I have been a regular reader of “Polityka” for almost a decade. Week by week, for all those years, I have never missed a single issue; even when I would go holidaying abroad, the recent issues would wait for me on my bedside table so that I could catch up. The case with newspapers is that the choice of what you read is affected by your views and in turn what you read reinforces your views.
The line of “Polityka”, if words such as “moderate”, “common-sense-oriented” are to averted, could be best described as leftist-liberal. In economic issues most of the weekly’s journalists advocate free market economy, however important social issues are not neglected and more leftist point of view is represented by Mr Zakowski. In social terms, the newspaper’s line is fairly leftist. It favours tolerance, autonomy of an individual and concept of division between the state and the Church, yet it is far from embracing extreme anti-clericalism or promoting gay marriages.
Unlike some of the weeklies, it is not affiliated with any particular party, yet by dint of its line, it locates somewhere between PO and SLD, yet with a tilt at the former and far from lunatic Twój Ruch whose agenda would seemingly best square with the line of the weekly.
The history of the weekly traces back to 1957. Soon after the first thaw in the PRL petered out, one of the government’s actions aimed at clamping down on sprawling liberal ideas. The weekly, meant to be hard-line soon became the most liberal of the party-supervised newspapers and with manifold tribulations enjoyed that status even in the darkest days of the next decades. Unlike other weeklies it has never drastically changed its line, despite changing times and changing governments it has held on to the same beliefs.
In the recent months when tone of the public discourse drifted right, I particularly appreciated to voice of reason flowing from the pages of “Polityka”. In many controversial issues the weekly’s journalists had the temerity to stand up for common sense and many times became dissenters since their attitude much differed from the new ‘mainstream’. When “Jack Strong” went to silver screen, the weekly published a series of articles dealing with morality of spies and loyalty to one’s own country which dwelled on ambiguity of moral assessment of colonel Kuklinski. After general Jaruzelski’s death it published a comprehensive article on the tragic life of the general in which it balanced out all his sins and merits of the late general. It was far from calling the general a hero or a traitor, but showed that neither condemnation nor glorification was what he deserved. The attitude towards People’s Poland is also far from right-wing vision of rewritten history – the weekly recognises Poland between 1945 and 1989 was a satellite country of the Soviet Union, yet still it was Poland, home to millions of Poles, built by millions of Poles who lived and worked in that system not to support communism, but for Poland, tragically disfigured by big politics. The weekly never openly attacks the Church, but has courage to politely criticise it and defends the value of secular state. When it came to abortion, in weeks following the outbreak of the recent scandal, it dedicated several articles to ethical issues indispensably linked to abortion. While defending the current law and the pro-choice stance, it published an interview with professor Chazan, thus giving its readers the chance to get to know the arguments of the other side of the dispute. The most recent issue, unlike almost all the other media, refrains from venerating the cult of Warsaw’s insurgents, but it delicately calls into question the sense of aftermaths Warsaw Uprising. It does not try to persuade the reader neither the uprising was a total disaster, nor that it was the most admired patriotic mutiny; it simply leaves the reader with arguments of both sides. Oddly enough, opponents of the sense of uprising hardly ever get the change to break through to mainstream media.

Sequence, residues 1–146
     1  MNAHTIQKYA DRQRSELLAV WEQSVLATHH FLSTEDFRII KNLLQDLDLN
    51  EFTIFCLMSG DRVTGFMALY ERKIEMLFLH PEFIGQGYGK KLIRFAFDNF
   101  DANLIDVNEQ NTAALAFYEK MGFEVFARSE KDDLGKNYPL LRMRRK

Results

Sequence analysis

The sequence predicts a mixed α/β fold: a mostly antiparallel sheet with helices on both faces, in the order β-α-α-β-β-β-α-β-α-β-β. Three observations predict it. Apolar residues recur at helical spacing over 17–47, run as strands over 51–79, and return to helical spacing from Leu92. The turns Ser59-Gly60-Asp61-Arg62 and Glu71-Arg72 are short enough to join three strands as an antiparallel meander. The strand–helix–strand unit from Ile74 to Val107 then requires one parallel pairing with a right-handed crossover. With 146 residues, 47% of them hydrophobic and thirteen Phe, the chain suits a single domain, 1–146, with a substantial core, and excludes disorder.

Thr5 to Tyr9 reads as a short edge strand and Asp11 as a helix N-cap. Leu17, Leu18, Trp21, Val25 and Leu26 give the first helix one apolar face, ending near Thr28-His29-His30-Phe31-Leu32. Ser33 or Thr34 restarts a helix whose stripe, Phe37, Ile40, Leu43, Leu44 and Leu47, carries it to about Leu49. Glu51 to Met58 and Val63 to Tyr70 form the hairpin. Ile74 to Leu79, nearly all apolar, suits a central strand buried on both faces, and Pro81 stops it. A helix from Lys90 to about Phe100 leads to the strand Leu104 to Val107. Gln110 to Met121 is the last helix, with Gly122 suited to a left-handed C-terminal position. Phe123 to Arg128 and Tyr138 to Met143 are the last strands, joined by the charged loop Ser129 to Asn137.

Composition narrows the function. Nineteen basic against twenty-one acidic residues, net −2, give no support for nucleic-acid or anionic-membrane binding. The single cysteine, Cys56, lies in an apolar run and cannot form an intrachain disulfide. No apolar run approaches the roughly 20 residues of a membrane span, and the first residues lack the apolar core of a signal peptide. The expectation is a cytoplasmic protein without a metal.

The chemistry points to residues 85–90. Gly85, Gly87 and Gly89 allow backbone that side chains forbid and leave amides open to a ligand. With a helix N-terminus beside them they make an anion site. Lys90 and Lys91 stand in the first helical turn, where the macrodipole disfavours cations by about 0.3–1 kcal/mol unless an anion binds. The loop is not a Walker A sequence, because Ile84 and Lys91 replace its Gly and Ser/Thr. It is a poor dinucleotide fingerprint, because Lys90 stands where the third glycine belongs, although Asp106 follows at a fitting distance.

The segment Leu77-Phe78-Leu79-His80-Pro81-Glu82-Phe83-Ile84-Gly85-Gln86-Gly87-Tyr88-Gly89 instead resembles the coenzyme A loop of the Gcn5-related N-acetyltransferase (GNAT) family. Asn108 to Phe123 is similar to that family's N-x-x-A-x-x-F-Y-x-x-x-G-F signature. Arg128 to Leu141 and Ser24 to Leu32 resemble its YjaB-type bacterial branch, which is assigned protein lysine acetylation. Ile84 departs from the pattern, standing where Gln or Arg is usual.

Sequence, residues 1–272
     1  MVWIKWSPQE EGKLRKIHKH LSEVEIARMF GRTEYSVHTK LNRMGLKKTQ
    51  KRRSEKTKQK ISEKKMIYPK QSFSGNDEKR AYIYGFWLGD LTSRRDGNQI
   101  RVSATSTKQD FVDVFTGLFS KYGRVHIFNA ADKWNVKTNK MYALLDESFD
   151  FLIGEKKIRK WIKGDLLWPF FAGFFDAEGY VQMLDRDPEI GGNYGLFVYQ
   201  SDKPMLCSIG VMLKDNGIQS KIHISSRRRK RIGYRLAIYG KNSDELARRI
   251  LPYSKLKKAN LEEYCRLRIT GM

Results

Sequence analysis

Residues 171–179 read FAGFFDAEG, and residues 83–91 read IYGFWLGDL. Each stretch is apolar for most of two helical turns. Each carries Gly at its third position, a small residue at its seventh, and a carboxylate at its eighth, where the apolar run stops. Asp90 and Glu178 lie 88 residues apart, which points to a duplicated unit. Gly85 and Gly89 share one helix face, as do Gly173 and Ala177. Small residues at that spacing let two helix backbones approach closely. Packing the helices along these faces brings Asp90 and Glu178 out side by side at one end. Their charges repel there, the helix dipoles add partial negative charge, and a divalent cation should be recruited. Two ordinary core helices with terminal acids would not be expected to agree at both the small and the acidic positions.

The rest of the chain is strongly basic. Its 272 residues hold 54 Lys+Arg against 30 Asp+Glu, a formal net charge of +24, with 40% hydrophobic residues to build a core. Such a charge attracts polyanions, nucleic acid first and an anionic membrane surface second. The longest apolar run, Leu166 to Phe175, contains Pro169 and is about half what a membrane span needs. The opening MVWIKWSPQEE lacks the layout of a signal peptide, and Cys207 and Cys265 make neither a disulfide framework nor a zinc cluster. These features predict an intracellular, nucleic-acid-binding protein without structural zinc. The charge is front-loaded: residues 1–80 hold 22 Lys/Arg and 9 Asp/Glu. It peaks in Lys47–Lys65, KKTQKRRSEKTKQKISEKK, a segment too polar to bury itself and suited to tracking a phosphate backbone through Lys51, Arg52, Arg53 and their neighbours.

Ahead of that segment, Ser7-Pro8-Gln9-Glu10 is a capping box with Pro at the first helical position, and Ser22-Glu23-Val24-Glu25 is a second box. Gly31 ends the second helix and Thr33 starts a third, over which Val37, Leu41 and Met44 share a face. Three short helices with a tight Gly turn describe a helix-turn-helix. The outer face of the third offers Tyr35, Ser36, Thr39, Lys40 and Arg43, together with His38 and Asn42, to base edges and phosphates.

On occasion of the seventieth anniversary, my take has not changed – commemorate, but not celebrate. Death toll of two hundred thousand and one of the biggest capital’s of pre-war Europe obliterated with survivors driven out of the city give no reason to be cheerful.
I do hold dear the balanced look at many issues “Polityka” offers me, but I keep in mind the Biblical message of lukewarm Christians who would be turned away. By balancing out different opinions and not taking firmly anyone’s side, the weekly is lukewarm. I wish it had more courage to speak out against the mainstream.